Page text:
Published online by Cambridge University Press: 05 June 2012
Most discussions of the pre-modern economy focus on supply and production and analyse such factors as the volume of exports and imports, agricultural yields and industrial output. Demand, which is much harder to measure, has received far less attention, although the early and late modern periods have been the subject of a veritable explosion of scholarship on consumption and consumer society in the last twenty years. Few medievalists have taken up this challenge, however, due largely to the paucity of sources to explore the patterns and meanings of consumption. Indeed, the medieval sources are scarcely adequate to analyse the supply-side economy. Another stumbling block is the conventional chronology that locates a ‘consumer revolution’ in the eighteenth century but traces its first manifestations back to the late sixteenth and seventeenth centuries. In this scenario, the middle ages tend to be regarded as an undifferentiated period in which people were ‘users’ not ‘consumers’ and operated in a world of unchanging material poverty where objects were ‘things’ not ‘commodities’.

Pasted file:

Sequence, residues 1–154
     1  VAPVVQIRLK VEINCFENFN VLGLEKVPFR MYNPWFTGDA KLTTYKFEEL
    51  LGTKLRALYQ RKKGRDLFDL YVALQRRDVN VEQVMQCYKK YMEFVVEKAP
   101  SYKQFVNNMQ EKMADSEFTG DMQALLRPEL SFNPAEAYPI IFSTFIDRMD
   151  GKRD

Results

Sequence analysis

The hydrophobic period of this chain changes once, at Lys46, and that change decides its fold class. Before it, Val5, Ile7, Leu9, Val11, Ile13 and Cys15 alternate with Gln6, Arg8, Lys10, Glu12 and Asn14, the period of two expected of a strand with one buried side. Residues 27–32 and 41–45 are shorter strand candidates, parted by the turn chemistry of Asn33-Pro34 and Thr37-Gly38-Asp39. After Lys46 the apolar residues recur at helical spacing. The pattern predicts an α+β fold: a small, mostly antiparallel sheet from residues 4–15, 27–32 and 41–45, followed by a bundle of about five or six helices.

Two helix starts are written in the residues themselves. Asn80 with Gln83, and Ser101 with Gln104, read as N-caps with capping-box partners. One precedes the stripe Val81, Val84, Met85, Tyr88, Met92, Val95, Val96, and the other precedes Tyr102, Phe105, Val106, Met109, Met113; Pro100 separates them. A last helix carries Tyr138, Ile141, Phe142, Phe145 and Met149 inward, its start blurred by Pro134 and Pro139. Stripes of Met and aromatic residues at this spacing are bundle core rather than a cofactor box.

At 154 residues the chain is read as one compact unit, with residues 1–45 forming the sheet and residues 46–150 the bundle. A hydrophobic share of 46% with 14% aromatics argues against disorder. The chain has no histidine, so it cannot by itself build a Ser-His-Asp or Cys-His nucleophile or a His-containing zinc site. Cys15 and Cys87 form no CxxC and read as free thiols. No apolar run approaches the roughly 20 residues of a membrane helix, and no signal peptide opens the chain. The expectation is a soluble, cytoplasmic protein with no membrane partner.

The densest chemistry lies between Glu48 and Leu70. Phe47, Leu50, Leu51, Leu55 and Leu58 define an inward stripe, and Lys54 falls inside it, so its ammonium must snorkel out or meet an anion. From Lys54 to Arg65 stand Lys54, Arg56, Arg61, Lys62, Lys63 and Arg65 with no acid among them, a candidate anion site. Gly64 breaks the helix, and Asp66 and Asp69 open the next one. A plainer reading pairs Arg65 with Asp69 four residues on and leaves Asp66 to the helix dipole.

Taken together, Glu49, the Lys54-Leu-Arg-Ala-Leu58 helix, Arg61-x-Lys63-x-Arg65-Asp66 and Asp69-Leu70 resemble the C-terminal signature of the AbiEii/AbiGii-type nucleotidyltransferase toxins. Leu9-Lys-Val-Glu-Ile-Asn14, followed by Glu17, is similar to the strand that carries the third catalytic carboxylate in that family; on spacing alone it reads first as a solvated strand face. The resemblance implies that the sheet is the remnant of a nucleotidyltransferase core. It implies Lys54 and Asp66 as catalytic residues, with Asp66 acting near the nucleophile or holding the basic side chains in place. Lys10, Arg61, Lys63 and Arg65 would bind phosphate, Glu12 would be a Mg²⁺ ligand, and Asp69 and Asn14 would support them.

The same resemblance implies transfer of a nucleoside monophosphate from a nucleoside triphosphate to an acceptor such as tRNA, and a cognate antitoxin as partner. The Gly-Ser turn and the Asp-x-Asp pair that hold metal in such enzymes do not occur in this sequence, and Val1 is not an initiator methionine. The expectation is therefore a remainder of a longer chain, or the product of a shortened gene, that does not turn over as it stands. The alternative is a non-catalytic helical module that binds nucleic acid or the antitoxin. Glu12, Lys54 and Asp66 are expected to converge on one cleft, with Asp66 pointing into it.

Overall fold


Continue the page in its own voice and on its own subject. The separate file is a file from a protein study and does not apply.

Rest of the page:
Yet considerable research now challenges this viewpoint, particularly work by Christopher Dyer on the standards of living within different social ranks during the middle ages. Richard Britnell and Bruce Campbell, among others, have traced growing commercialisation in the medieval economy, which made demand a more important motor in economic development. Historians of aristocratic and gentry spending, especially Christopher Woolgar, have spelled out in some detail the consumption practices of elite households.